It’s the month when the Cupid comes calling… but with the end of February, we are looking at the enigma of not-so-happy endings.
It was that ultimate word-weaver, William Shakespeare, who made the grand, dramatic notion of star-crossed lovers so famous.
Specifically, in the prologue of his play Romeo and Juliet (published in 1597), when he wrote, “From forth the fatal loins of these two foes, A pair of star-cross’d lovers take their life”, Shakespeare captured the imaginations of romantic legions through the ages.
It appeals because of its huge, sweeping inferences- that the love of two people is so magnificent, so life-changing, that the heavenly bodies want to get involved.
In fact, the expression comes from the belief in astrology, that our lives are governed by the stars.
So, if the stars are crossed or malevolent, then the path of that love won’t be a smooth one, always troubled by outside forces.
Shakespeare’s most famous example embodies this; born to the feuding Montague and Capulet families, Romeo and Juliet fall madly in love after a chance encounter at a ball.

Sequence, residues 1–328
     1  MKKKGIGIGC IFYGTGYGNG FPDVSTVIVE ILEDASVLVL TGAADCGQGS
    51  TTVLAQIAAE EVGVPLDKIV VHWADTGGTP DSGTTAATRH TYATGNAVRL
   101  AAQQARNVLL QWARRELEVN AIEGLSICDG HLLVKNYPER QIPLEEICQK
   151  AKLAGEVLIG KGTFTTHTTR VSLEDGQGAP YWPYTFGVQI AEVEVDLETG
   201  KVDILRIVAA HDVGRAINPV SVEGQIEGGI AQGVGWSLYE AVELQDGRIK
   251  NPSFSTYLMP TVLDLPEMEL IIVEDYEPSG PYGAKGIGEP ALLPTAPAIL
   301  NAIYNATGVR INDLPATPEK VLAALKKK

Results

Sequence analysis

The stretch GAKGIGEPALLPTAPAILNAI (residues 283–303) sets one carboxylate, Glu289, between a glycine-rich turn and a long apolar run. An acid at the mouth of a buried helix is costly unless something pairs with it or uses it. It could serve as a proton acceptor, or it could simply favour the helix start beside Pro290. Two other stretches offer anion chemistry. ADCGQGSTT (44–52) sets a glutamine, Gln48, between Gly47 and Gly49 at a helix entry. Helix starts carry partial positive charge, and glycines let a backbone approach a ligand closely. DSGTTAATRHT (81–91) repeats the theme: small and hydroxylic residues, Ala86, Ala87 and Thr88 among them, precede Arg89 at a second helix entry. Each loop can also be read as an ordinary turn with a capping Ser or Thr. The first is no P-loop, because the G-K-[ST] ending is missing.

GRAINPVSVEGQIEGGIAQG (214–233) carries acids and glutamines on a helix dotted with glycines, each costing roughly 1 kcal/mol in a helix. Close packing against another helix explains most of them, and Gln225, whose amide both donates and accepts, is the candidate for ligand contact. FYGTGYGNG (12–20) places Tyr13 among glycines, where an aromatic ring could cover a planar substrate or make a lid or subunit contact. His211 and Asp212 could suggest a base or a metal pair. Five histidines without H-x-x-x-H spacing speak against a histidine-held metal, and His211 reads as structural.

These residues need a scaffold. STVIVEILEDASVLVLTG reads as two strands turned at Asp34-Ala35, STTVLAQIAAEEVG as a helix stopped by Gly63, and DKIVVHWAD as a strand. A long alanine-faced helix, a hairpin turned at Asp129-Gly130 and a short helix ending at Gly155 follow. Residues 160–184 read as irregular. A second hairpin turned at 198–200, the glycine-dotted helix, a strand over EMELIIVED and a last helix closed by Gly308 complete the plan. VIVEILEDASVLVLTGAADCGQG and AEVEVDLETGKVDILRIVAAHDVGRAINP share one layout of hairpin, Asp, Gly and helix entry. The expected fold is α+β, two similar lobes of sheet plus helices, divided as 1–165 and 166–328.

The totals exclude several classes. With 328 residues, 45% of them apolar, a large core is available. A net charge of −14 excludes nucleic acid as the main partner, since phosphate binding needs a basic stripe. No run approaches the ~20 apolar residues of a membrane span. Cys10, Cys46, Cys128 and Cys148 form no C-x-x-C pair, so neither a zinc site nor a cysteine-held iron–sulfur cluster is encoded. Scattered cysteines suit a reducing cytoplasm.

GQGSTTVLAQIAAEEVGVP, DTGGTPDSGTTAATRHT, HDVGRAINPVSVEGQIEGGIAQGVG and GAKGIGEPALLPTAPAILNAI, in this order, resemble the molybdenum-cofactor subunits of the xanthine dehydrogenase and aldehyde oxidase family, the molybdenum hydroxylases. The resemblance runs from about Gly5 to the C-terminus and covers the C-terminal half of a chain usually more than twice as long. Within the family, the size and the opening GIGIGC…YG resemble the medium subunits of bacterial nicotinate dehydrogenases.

After a series of misadventures, their plan to elope is thwarted by Romeo mistakenly believing Juliet to be dead.
Grief-stricken, he kills himself with poison, and when Juliet finds him, stabs herself.
So the notion of being star-crossed is not so much romantic as it is fatal…as classic literature and mythology are always happy to point out.
Star-crossed love has inspired many an epic.
There’s the story of Tristan and Isolde, popular in French medieval poetry, which centres on a Cornish knight and an Irish princess, who drank a love potion and couldn’t stay away from each other after.
There are many versions but none end happily.
Then there are the many retellings of the legend of King Arthur.
An important part of the story is the forbidden love between Arthur’s queen, Guinevere, and the dashing Knight of the Round Table, Lancelot.
It is a relationship that is often inferred to lead the ultimate fall of the utopian Camelot, just as the affair between Helen of Troy and Paris led to the decade-long Trojan War in the Homer’s epic The Iliad.
Heathcliff and Cathy’s passionate love affair in Emily Bronte’s 1850 novel Wuthering Heights is a juggernaut.
It ends in death and despair for the socially mismatched couple and manages to destroy quite a few other unfortunates in their respective orbits.
And these classic works echo on through the ages, influencing newer works and proving time and again that love, intertwined with pain, has an irresistible draw.